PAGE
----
DVD Review: The Passenger/Quintet
By Glenn Abel
Jack Nicholson says the making of Michelangelo Antonioni's "The Passenger" was "the biggest adventure in filming I ever had in my life." That's saying plenty and probably explains why the actor did his first solo commentary for the DVD.
"It's very hard for me to separate the experience of making the movie from the movie itself," he says. For the filmmakers and the audience, "The Passenger" was very much a road movie, stretching from deep in the Sahara desert to London, Munich, Barcelona and Andalucia, Spain. The plot lines run together at the intersection of Hitchcock and Paul Bowles.
This "lost classic," made for MGM in 1975, has been MIA on DVD until today and hasn't been seen much in any form since theatrical release. Sony's single-disc release (retail $24.96) contains the original director's cut, with about seven minutes unseen by U.S. audiences. The film is in English, mostly.
The restored "Passenger" made the rounds of art houses in the fall. The film needs to be seen on a cinema screen, but it's rewarding on DVD as well. Repeat viewings pay off as the movie reveals more of its secrets with every spin.
Nicholson clearly remains a disciple of his "Passenger" director, the Italian dream weaver Antonioni. The actor frets about talking over some of the master's mysterioso scenes, apologizing for "distracting" viewers. No worries -- Nicholson is great company, of course, and his memories of making "The Passenger" are rich and fairly detailed.
Nicholson, who cites the "dispassionate distance" of Antonioni's work, works the commentary in the spirit of the film. He has only this to say about a street scene: "Bicycles. Broken-down cars. Buses. Cave dwellers. Beer." All pauses dramatic.
The actor speaks of his director as a warm but combustible gentleman. Nicholson recalls a particular piece of direction: "Jack. Less twitchy."
The movie tells of a jaded documentary filmmaker (Nicholson), frustrated in his attempts to cover a North African civil war. An arms dealer staying in the next hotel room dies, and on impulse the reporter takes over the man's identity, abandoning his own. In Barcelona, the impostor hooks up with a French woman high on life and Gaudi. She urges him to play out the dangerous charade.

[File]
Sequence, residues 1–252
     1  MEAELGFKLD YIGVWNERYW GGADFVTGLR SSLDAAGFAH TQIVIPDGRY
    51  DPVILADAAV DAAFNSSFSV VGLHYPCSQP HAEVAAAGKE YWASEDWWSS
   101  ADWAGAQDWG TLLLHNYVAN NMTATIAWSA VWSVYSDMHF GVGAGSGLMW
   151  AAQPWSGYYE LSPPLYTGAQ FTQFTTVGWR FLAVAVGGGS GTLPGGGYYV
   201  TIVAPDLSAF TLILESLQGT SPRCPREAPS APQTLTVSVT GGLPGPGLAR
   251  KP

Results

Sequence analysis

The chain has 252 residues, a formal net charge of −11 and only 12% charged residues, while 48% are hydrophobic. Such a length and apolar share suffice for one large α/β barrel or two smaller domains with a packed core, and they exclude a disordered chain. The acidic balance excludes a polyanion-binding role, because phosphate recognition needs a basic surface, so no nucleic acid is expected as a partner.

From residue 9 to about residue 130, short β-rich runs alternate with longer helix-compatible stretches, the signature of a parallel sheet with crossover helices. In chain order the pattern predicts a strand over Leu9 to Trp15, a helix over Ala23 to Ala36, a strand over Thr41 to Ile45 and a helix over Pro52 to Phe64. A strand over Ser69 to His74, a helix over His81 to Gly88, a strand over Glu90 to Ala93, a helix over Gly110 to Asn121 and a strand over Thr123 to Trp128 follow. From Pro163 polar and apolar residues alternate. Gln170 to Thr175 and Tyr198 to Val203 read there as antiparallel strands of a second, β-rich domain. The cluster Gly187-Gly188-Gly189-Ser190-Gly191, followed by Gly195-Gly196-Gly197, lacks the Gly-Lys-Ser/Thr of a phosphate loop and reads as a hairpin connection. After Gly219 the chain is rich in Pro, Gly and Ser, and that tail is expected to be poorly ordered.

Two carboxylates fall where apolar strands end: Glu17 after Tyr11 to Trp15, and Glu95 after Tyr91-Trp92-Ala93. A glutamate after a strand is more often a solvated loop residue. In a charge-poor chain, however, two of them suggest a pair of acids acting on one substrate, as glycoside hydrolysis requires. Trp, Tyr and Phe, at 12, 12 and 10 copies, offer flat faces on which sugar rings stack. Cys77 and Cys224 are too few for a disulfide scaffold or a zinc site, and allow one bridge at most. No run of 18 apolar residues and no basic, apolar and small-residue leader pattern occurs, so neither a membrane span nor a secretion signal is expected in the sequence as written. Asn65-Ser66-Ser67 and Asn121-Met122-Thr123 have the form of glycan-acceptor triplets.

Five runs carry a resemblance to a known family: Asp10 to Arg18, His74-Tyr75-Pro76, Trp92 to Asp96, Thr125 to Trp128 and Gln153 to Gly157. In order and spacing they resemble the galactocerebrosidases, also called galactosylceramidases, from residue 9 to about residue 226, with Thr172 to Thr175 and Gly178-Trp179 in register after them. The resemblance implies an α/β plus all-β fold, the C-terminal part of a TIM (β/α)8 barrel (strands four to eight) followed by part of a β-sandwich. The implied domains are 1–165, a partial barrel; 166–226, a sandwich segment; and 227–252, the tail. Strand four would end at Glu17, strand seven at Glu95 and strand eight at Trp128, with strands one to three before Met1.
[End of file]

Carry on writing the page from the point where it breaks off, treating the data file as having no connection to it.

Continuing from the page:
"People disappear every day," she says as a warning. "Every time they leave the room," he replies.
Antonioni has an eye for beautiful young women, often building his films around them. (Nicholson: "I agree with him on that!"). Along for the ride as "The Passenger" was Maria Schneider, whose career went supernova after her sexually charged performance in "Last Tango in Paris."
Schneider refused to do nudity, fearing type-casting, but finally agreed to appear in the buff once, in a long shot. Nicholson cites certain "generational" issues between her and the director and points out how in one scene he was holding up the actress because she was zonked on painkillers. Even stoned, Schneider delivered her lines perfectly. "She was a movie star," Nicholson says without irony.
A second commentary track comes from screenwriter Mark Peploe ("The Sheltering Sky"), who based the tale on his experiences as a docu maker. Peploe's talk drags at times, but if you want to dig into the movie, he provides a lot of detail.
Of the film's wanderlust, he says: "In Antonioni's movies, locations are character. It doesn't just take place somewhere" -- as with Alfred Hitchcock. "Nowadays, it's hard to imagine anyone doing this. It would cost $100 million."
Nicholson and Peploe both cover the film's justly famous seven-minute tracking shot, which begins inside the impostor's hotel room and moves outside, into the sun and dust. Done in the days before Steadicam, it was achieved by moving the camera along a wire, past the set's walls, which split in two, and onto a crane, which then did an achingly slow 180. Nicholson calls it "one of the most memorable shots in movies."
The remastered "Passenger" looks quite good for a 1970s movie, its images wear-free and mostly easy on the eyes -- a tad stringent or sun-bleached on occasion, probably by design. Images are widescreen, of course, enhanced for 16x9 monitors. The two-channel audio is good enough.
Another adventure in filmmaking produced "Quintet," the oddest film on Robert Altman's resume. Shooting was on the deserted 1967 World's Fair island in Montreal, where temperatures fell to something like 20 below.
Altman calls the 1979 film "weird and bizarre ... (about) the end of the world." The tale revolves around Quintet, a board game Altman cooked up one stony evening. The game is the only diversion left to humans clinging to life in a future ice age. Paul Newman plays a nomad who fights his way through a frozen urban center in which life means nothing and the dead become street food for Rottweilers.
"Quintet" makes its DVD debut as part of Fox's widescreen "Robert Altman Collection" (retail $39.98). The set also brings "A Wedding" and "A Perfect Couple" to DVD. Presentation of the fourth film, "MASH," is identical to Disc 1 of Fox's "Five Star" release of 2002, with the same Altman commentary. He doesn't do talks for the other films, which have short-but-sweet new featurettes. "Developing the World of Quintet" runs 15 minutes.
Critics of the day melted down over "Quintet" with its ponderous pace, olde-time dialogue and goofy camera scheme in which an outer circle of the image is fogged like a B-movie dream sequence. But, of course, there were fans, some of whom formed Quintet game clubs, Altman says. (The DVD doesn't show us how to play; go figure.)
"It would be a video game if we'd done it 10 years later," Altman says today.
"Quintet" doesn't look so hot on DVD. The audio (stereo or mono) tends to be tinny and distracting.
Glenn Abel is Executive Editor, Electronic, at The Hollywood Reporter
Reprinted, with permission, from The Hollywood Reporter
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